Approve Assembly Reform
TheStudent Assembly should pass the recommendations of the Student Assembly External Review Committee as a vital first step in bringing some legitimacy back to student government at Dartmouth.
The committee's well-thought out and well-researched report, released Tuesday, is properly titled "Undergraduate Council: Toward a More Responsible Student Government." The word "Assembly" to students is synonymous with "infighting" and "incompetency." Changing the name would be a symbolic break from the Assembly's troubled past.
But the recommendations are about more than just a name change -- they address several fundamental problems that have plagued the Assembly for years. If implemented, the recommendations should provide the basis for a student government that actually serves students, instead of its members.
Many of the report's recommendations are aimed at dramatically changing the composition of the organization. Undergraduates currently elect 24 students each spring, and any student who attends three meetings can join the Assembly.
This structure leads to Assembly members who have no constituency and an Assembly without legitimacy or a student mandate. Under the new system, each class would elect eight representatives and the freshman class would chose its 10 representatives by residential clusters. An additional 16 seats would be filled by students or organizations who petition for seats.
This proposal is clearly an improvement from the current system. Motivated students and organizations can gain admission to the council, and students who are elected would have some sort of constituency to whom they would report.
Many of the committee's recommendations call for a desperately needed restructuring of the Assembly. The council's president and vice president, who would run on a ticket, would have more power. Giving the leaders more power would fix a fundamental problem within the Assembly -- governments cannot function efficiently unless their leaders have significant power.
The review group also called for seven vice presidents to head the council's committees. The vice presidents would be appointed by the president with the approval of the general council. Each general council member would be able to serve on only one committee.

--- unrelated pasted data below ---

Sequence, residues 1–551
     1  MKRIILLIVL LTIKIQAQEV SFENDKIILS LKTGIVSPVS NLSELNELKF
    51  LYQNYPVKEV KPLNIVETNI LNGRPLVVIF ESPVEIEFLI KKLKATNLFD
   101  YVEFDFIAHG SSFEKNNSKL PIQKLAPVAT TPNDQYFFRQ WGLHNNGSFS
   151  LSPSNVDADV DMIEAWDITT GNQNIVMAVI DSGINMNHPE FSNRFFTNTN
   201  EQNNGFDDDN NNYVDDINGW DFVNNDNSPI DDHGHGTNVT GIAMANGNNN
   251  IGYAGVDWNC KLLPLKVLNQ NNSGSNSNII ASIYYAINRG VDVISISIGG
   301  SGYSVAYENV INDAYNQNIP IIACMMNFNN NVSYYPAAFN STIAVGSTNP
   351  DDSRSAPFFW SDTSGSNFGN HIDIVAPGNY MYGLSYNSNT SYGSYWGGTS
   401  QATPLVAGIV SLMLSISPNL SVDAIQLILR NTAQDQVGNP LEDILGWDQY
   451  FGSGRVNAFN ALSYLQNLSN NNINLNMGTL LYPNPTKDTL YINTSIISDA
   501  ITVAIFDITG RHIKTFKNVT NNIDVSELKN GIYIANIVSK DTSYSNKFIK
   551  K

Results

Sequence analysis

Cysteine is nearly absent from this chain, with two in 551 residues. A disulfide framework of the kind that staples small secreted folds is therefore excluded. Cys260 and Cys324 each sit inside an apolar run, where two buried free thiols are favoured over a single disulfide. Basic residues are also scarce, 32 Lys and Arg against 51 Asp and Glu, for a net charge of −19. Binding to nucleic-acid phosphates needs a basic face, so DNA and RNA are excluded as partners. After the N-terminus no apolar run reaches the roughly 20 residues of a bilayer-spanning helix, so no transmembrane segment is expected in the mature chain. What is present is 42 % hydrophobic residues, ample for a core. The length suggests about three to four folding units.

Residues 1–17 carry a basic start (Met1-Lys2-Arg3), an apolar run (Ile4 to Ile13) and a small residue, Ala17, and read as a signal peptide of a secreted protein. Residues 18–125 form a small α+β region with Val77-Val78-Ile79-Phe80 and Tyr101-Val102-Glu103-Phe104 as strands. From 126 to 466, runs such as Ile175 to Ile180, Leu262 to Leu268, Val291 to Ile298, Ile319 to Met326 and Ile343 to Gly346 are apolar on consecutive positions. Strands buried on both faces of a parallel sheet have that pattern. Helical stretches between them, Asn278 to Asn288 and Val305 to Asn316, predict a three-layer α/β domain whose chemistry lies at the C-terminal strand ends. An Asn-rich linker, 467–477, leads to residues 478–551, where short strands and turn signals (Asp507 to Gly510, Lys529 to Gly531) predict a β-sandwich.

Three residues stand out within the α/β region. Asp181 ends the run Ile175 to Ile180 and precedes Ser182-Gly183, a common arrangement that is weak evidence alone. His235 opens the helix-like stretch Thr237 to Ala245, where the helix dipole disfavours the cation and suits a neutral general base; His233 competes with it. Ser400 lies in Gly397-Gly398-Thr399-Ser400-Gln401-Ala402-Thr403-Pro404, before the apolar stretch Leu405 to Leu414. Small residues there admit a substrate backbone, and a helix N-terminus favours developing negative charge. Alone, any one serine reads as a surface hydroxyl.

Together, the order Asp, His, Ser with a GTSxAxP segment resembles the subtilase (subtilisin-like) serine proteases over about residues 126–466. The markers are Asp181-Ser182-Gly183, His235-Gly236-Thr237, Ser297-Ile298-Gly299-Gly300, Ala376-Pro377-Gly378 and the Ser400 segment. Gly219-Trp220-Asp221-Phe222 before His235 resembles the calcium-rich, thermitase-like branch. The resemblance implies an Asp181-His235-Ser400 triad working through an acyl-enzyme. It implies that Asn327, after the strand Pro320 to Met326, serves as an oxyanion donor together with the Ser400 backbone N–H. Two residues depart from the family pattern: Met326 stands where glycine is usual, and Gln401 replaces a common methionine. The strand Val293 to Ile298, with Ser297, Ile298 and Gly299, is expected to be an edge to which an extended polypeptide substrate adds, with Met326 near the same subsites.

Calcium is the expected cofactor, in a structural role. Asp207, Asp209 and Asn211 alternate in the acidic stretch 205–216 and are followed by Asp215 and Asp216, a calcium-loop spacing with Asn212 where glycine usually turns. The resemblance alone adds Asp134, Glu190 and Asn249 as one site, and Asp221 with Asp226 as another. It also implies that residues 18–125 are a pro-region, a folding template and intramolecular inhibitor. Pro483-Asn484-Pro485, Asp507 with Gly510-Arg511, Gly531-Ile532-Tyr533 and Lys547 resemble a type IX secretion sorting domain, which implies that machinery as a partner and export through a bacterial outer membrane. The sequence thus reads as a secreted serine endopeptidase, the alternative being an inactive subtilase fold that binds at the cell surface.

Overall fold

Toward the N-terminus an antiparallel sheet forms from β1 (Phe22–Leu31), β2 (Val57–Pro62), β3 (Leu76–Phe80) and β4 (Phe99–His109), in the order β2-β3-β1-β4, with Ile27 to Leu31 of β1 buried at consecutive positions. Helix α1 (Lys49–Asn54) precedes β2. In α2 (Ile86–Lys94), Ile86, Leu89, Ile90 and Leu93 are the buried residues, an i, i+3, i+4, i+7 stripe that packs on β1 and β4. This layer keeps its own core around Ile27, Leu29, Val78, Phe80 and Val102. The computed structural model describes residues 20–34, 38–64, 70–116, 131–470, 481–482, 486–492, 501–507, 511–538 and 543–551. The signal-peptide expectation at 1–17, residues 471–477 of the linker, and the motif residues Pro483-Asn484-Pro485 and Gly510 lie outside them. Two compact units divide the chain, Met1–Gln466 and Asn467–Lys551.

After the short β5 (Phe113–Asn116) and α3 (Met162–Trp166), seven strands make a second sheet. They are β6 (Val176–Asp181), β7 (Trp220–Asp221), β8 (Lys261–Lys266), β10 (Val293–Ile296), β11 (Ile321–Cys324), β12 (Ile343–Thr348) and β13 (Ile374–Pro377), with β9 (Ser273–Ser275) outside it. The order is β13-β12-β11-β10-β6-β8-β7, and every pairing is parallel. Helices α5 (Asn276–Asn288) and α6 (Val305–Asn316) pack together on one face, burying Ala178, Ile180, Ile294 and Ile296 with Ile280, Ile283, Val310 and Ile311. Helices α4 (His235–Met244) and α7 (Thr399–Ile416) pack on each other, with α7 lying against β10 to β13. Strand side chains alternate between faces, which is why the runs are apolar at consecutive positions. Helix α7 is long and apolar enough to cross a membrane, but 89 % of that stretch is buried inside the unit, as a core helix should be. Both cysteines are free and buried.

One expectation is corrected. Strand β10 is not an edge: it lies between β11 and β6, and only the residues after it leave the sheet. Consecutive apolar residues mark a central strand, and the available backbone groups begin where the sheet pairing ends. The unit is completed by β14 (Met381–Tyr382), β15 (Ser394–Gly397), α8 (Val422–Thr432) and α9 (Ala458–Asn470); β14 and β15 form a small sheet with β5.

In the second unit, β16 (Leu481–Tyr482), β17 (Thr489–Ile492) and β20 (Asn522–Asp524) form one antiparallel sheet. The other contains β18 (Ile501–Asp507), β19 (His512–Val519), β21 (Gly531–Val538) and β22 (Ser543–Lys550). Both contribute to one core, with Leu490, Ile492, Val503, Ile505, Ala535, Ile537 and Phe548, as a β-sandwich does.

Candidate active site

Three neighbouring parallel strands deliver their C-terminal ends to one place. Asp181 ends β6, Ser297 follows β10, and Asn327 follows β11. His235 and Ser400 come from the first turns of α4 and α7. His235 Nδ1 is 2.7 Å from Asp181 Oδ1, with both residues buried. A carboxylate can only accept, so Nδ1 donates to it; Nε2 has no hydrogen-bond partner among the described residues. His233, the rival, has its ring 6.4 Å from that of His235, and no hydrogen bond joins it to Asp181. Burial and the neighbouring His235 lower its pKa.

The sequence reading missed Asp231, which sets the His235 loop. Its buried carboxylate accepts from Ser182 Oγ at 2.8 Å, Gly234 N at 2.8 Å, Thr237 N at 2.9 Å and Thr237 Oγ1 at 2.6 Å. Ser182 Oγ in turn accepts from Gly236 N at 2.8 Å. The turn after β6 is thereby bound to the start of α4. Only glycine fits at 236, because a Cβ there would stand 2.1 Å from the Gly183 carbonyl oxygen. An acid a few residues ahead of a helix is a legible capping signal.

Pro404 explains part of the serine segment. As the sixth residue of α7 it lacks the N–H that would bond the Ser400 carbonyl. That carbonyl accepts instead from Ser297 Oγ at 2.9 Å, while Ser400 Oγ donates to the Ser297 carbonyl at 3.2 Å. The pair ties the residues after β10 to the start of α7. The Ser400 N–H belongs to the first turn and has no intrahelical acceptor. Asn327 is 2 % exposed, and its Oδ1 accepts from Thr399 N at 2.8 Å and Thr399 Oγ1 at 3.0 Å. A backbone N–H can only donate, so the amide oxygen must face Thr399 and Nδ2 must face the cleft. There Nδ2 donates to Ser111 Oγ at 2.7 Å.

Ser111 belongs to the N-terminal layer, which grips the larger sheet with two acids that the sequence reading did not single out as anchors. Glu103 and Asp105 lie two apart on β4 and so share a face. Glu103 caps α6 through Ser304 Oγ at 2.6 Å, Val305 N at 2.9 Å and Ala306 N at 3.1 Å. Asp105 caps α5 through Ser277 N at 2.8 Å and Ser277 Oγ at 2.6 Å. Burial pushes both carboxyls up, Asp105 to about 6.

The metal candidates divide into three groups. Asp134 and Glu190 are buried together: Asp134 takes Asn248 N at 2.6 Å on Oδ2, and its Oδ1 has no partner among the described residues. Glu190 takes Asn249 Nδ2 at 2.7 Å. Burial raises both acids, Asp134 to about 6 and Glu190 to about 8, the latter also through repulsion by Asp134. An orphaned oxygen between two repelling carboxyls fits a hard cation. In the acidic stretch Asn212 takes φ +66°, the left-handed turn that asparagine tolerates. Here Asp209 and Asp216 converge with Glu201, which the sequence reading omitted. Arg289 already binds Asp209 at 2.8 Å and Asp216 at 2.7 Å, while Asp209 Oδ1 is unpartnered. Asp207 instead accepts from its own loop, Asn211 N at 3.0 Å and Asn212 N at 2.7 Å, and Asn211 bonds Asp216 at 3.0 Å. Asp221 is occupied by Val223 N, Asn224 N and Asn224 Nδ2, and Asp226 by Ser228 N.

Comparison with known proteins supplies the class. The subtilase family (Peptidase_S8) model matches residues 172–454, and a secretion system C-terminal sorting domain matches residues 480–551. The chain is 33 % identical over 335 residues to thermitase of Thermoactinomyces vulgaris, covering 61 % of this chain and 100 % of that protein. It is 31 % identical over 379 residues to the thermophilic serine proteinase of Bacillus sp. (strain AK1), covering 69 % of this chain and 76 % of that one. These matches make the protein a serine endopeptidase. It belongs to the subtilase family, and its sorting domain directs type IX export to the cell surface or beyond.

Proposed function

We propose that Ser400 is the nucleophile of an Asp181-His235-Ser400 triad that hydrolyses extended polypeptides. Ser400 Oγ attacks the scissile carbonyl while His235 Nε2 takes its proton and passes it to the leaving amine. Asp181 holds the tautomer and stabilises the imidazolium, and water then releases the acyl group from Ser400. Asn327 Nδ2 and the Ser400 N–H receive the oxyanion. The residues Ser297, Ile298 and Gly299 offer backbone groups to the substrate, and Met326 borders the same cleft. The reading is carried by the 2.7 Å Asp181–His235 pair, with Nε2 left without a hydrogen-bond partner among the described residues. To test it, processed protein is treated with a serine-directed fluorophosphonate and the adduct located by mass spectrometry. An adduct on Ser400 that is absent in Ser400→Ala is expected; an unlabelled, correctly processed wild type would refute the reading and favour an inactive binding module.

These structural changes would give the council more focus and also give the elected leaders more control over the direction of the organization.
Finally, the council would have a non-elected parliamentarian to control the general meetings. This student should reduce infighting and allow the council to actually debate issues by preventing discussion from degenerating into petty bickering.
The Assembly needs to change soon. The students do not respect the Assembly, the faculty does not respect the Assembly and the administration does not respect the Assembly.
It is important to note, however, that all of the Assembly's problems will not be solved by the flick of a pen. People are still people, and there will still be students who are more interested in playing politician than in serving the student body.
But the recommendations are a major step forward. They give student government a chance to survive and once again serve the students.
The Dartmouth wholeheartedly endorses the Student Assembly External Review Committee's recommendations, and strongly urges the general Assembly to approve the recommendations.
To not pass the recommendations would be foolish.